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Lever Espresso Machines



A lever machine is different from the espresso machines we normally see in coffee shops, in that they use a spring to achieve the required pressure while “standard” machines use pumps. As a result, lever machines lack any push buttons or paddles to produce shots because there is no pump to turn on. Instead, one has to pull a lever with force (about 10kg) to load the spring to start the process of genuinely pulling espresso.

The various attributes of a spring lever machine result in a slightly different cup to most pump machines, often producing a fuller body, more velvety mouthfeel, and an easier drinking cup, either with single-origin beans or blends. Even with little experience, it wasn’t that difficult to repeat decent cups.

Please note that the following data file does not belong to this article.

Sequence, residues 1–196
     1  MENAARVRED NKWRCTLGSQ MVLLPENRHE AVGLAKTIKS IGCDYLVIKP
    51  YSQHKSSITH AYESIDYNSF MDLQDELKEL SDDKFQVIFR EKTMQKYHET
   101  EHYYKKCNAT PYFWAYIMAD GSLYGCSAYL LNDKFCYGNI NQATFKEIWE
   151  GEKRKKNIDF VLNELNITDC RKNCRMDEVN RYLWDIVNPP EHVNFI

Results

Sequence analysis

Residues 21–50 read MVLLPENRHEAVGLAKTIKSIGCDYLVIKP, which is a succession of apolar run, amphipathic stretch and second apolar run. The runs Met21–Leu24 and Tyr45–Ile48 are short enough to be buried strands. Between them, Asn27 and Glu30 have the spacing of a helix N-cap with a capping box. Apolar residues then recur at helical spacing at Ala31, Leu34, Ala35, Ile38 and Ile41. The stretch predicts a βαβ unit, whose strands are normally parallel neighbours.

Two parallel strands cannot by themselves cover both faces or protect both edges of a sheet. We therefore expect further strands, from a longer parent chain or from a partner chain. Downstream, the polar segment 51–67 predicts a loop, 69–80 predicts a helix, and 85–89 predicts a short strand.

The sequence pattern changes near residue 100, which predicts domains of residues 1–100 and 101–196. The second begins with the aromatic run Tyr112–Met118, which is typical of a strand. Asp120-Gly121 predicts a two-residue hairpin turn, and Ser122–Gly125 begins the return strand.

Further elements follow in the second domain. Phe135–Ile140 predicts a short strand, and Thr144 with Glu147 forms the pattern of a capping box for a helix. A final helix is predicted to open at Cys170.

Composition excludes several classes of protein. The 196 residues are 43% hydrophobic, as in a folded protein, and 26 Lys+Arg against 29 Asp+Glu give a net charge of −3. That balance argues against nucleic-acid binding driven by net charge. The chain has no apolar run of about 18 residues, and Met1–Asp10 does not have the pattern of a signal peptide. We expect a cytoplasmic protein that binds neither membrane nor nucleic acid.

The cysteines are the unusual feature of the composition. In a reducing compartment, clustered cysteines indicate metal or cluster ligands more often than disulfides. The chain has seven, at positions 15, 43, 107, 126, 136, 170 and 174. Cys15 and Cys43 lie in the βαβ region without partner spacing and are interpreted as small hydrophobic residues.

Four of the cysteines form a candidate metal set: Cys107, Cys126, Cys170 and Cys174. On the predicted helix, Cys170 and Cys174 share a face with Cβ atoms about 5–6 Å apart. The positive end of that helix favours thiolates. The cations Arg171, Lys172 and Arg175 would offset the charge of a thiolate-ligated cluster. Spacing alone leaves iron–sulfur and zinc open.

First, the barista has full control of the length of the pre-infusion stage (pulling the lever down into cocking position): water enters the brew chamber through four holes and the pressure is at boiler pressure/line pressure. This is different to most pump machines where pre-infusion is preset (except in Synesso, Strada, Slayer). It is believed pre-infusion enables one to reduce the chances of channeling so it is much favored.

Second, on releasing the piston, the pressure reaches a high static pressure of 12bar, or higher in some machines. This forces an even column of water through the coffee bed, whereas in a pump machine, water exits from a couple of small holes at the dispersion plate.

Third, as the piston is pushing down, the pressure naturally decreases to zero very smoothly due to the physicality of the spring. The barista can increase or reduce the pressure by manipulating the lever, which is exactly what some advanced machines try to imitate electronically through the pump. These machines, generally double the cost, and one also has to deal with electronic components.

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